In ART

After the summer lull, Lebanon’s frenetic art scene is swinging back into action with high-profile solo exhibitions in the city, a visit to Tripoli for an extraordinary group show and the return of Beirut Art Fair and Beirut Design Fair. This autumn promises to be a season dominated by photography and film arts, with a number of photography exhibitions around the city featuring new works and pieces from private collections, although artists from a variety of practices continue to take part in Beirut’s burgeoning arts scene.

Catch a solo show by Akram Zaatari at Sfeir-Semler Gallery, continuing until November 29. Characteristically, Zaatari’s focus is on photographs and their histories. Following four years after his last exhibition in Beirut, The Third Window marks a new approach to studying photographs, featuring new films and installations. Having explored their fabrication, purpose and circulation, as well as their roles in diffusing fashion, culture and values, here he looks at what happens to photographs after they are taken. Questioning the accidents that alter and transmogrify images, taking them beyond their original conception or purpose, he explores the photograph’s role as an object that can speak of what it has been through.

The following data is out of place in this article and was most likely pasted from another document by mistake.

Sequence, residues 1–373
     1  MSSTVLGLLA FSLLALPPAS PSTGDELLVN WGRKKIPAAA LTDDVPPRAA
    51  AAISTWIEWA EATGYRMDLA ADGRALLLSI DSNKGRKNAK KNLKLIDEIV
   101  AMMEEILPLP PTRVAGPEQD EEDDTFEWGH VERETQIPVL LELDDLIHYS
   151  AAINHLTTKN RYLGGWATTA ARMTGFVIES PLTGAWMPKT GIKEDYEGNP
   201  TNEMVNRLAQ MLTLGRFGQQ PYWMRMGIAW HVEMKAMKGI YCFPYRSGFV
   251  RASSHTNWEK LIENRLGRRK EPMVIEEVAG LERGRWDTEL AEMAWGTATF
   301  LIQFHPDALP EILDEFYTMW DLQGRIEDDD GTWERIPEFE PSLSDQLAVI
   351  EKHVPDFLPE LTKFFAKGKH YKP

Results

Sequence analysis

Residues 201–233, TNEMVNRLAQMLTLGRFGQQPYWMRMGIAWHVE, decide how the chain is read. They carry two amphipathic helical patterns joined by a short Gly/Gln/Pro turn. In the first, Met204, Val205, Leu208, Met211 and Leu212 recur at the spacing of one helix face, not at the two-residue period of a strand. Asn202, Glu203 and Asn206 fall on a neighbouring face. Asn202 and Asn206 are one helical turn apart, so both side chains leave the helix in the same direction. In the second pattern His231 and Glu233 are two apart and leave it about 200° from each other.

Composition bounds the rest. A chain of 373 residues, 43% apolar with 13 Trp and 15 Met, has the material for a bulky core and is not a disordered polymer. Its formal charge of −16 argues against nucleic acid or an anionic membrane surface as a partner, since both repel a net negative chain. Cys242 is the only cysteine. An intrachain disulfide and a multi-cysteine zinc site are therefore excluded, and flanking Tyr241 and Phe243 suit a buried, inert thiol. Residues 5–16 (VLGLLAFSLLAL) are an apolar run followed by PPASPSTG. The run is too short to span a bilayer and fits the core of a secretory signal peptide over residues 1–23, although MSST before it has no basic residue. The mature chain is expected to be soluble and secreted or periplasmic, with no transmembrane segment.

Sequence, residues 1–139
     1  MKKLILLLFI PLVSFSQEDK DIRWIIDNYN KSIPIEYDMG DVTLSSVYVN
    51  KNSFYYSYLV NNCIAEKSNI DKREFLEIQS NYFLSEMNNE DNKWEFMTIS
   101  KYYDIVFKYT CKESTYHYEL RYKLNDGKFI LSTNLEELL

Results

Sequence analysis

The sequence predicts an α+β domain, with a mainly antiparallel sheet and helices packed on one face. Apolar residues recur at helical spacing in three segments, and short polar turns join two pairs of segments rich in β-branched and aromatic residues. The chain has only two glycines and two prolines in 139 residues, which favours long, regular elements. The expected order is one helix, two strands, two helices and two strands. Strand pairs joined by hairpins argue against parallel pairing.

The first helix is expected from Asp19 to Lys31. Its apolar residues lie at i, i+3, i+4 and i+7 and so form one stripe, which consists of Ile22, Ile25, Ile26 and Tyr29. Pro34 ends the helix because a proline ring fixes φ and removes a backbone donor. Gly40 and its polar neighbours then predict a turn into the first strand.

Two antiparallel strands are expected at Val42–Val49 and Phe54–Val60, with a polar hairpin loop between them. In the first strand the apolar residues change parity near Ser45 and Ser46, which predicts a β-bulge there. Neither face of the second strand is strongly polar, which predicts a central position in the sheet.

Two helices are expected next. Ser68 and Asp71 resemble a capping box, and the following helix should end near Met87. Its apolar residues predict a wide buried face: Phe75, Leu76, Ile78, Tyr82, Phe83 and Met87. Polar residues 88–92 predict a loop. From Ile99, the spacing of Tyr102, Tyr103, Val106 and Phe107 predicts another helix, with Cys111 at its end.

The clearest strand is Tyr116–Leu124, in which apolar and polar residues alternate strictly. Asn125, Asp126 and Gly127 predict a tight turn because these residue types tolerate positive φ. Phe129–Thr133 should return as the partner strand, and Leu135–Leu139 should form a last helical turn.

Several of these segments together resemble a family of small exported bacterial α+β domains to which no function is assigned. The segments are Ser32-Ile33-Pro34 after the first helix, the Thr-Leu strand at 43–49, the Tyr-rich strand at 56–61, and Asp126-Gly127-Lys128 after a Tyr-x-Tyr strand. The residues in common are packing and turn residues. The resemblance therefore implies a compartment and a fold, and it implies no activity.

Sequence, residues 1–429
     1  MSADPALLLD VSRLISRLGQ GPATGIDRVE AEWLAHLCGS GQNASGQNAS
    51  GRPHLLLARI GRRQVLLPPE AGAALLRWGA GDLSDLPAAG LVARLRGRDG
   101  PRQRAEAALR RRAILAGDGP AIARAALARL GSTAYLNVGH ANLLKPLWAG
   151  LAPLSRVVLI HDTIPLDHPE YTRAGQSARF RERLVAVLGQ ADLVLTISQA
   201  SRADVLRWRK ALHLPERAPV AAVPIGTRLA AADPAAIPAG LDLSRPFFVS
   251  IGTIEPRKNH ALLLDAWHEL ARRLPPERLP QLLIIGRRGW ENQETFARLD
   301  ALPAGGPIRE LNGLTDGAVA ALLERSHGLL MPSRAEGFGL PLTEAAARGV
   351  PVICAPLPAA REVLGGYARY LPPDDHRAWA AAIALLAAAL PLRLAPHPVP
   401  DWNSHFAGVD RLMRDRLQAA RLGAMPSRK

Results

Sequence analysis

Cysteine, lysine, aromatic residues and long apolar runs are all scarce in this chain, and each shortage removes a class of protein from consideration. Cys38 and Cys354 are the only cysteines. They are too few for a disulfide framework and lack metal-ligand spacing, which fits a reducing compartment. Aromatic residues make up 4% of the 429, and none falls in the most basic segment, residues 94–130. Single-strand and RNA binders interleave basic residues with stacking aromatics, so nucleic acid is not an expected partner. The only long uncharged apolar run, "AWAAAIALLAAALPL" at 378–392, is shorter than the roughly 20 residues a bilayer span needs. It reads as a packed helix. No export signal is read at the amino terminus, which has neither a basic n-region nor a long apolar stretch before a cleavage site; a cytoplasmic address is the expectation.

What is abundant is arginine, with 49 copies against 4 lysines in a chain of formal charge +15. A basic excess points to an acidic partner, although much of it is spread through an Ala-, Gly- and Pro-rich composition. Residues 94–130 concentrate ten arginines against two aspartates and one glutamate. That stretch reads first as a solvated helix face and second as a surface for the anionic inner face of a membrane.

Continuing until October 7 at Beirut Art Centre (BAC) is Daniele Genadry’s Slow Light, an exhibition of photography that harkens back to the early days of experimental photography and film, and Marie Voignier’s International Tourism (Staging Real Life), a film series addressing perceptions of North Korea’s dictatorship and the spectacle of tourism. On October 24, BAC launches a new show featuring the work of two artists working in film and installation: Joachim Koester and Zineb Sedira. Things That Shine and Things That Are Dark deliberately disrupts the usual circulation of the building to display Koester’s exploration of movement in images, architectural modifications and colour and shade alternations. Of Words and Stones presents a large body of Sedira’s work, from her first films in the 1990s until today.